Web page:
Yo Yo Ma’s Brazil at Tanglewood
August 3, 2003 performance; by Dave Read
The esteem for Yo Yo Ma is widespread, extending even to the climate gods, who transformed Tanglewood into a rain forest August 3 to accommodate the five Brazilian, one Cuban, and one British musician who collaborated with him in the Koussevitsky Music Shed for a concert billed as Yo Yo Ma’s Brazil: An Evening of Latin American Music.
The concert opened with Ma and his long-time pianist and fellow-musical traveler Kathryn Stott playing three songs: first by the contemporary Peruvian composer Antonio Mariano and then Brazilians Heitor Villa Lobos and Carmargo Mozart Guarnieri, each of whom came to Boston in the 1940s to conduct the Boston Symphony Orchestra.
Sérgio and Odair Assad guitar duets
Ma doubled on mic as MC to introduce the first tunes and then the guitar duo Sérgio and Odair Assad who played an assortment of songs including compositions by Mariano, Villa Lobos, Bandolim, Jobim, Piazzolla, and one composed by Sérgio called Menino.
As Ma noted, the Assads are in the vanguard of the re-emergence of the popularity of the guitar duo, and their performance tonight showed why. The brothers play matching Millenium guitars (by Thomas Humphrey; Sérgio plays a cedar-top, Odair plays a
spruce-top). Their harmonies are intricate and engaging, and they play such clear tones that at points it sounded like one was hearing a piano.
Sérgio introduced Menino by calling it “an innocent piece about a child,” and it evoked an image of a child’s day as it unfolded: busy and restful, with daydreams and excitements. Ma’s cello part served to create the frame within which the Assads painted their charming portrait of childhood. On their next piece, Bandolim’s Noites carlocas, Ma listened along with the rest of the audience as the brothers cut loose for some very impressive, very jazzy playing.
Next to come on stage, with Ma’s introductions, were: Nilson Matta, “to join me in playing a lower bass instrument,” Cyro Baptista, with 75 percussion instruments, lots of flair and humor, and Rosa Passos, “with a miraculous voice.” In various combinations, they closed out the first set with three pieces by Antonio Carlos Jobim (1925-1994), the man whose song The Girl From Ipanema brought global popularity to Bossa Nova in the early 1960s.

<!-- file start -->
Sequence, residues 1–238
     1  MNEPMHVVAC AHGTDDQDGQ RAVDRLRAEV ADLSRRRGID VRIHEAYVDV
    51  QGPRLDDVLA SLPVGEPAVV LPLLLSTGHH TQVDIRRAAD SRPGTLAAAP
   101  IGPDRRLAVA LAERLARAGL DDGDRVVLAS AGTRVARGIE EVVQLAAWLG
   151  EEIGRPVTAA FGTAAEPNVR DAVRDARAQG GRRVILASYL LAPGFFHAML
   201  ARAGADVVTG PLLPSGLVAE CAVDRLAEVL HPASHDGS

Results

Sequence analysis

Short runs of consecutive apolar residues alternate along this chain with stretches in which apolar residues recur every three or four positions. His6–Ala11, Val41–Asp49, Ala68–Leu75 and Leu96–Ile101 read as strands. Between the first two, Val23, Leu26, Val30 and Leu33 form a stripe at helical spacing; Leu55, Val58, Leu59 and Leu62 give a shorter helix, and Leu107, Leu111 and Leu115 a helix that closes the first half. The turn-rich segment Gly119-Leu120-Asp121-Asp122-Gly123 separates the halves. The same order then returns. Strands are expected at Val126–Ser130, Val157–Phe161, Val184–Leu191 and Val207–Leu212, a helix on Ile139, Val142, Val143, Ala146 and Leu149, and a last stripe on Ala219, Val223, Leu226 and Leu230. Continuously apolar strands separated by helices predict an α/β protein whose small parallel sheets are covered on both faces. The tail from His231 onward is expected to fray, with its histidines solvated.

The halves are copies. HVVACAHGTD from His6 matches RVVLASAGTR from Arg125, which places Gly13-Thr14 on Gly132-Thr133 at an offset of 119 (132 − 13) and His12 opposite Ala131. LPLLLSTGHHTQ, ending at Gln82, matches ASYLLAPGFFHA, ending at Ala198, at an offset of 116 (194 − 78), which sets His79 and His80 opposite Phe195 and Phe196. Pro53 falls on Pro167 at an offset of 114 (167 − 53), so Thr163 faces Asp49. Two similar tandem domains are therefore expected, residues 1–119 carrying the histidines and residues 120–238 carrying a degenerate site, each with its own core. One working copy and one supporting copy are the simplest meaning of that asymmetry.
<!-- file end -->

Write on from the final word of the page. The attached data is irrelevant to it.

The whole ensemble but Odair played Jobim’s O Amor em Paz, which was a highlight of the evening, showcasing both the translucence and seductive wistfulness of Passos’ singing and Ma’s virtuosity which he demonstrated by following her first verse with a cello solo – in Portugese! – which echoed her phrasing note-for-note.
The set’s last song was introduced by Baptista, who is from Brazil’s rain forest: to some applause he said the song is called The Rains of March, – but wait, I forgot something he continued, tonight it is called The Rains of August! to a sardonic roar from the audience.
The highlight of his contribution on that piece was the delicious percussion he produced by rubbing his palms and wrists up and down against each other, looking something like a pizza tosser with limbs as pliable as dough.
virtuosity and charm of Paquito D’Rivera on display
The second set opened with Ma’s introduction of “the legendary Paquito D’Rivera,” who ambled onto the stage and displayed his Victor Borge-like playfulness before he displayed his virtuosic clarinet playing. The first five songs of the set had Paquito D’Rivera playing along with a variety of ensembles; the first and fifth were compositions of his, Preludio Y Merengue and Afro. The latter tune was something of a showcase for Baptista, who played a berimbau, an Afro-Brazilian instrument with which he produced haunting, ethereal sounds.
Before closing with two rousing full-ensemble pieces, Ma played a duet with his pianist Stott, Gismonti’s Bodas de Prata/Quatro Cantos, which was elegant and showed their affection for each other; and then Piazzolla’s Tango Suite with the Assads, which was dazzling and included all three musicians at times tapping out the rhythm on their instruments.
The encores turned out to look like a courting ritual between Rosa Passos and Paquito D’Rivera, as amid the spirited playing around them and with the audience dancing up to the foot of the stage, they couldn’t take their eyes off one another, and D’Rivera even suggested a way to a tryst when he segued into Take the A Train! That’s about when Passos, who had expressed her love for Mr. Ma several times already, declared, I love Paquito D’Rivera.
And off to the muddy parking lots of Tanglewood slogged a few thousand, not a few carrying crushes for Ms. Passos, and all full of gratitude to Yo Yo Ma for his brilliance as a musician, excellence as a talent scout, and overall generosity of spirit.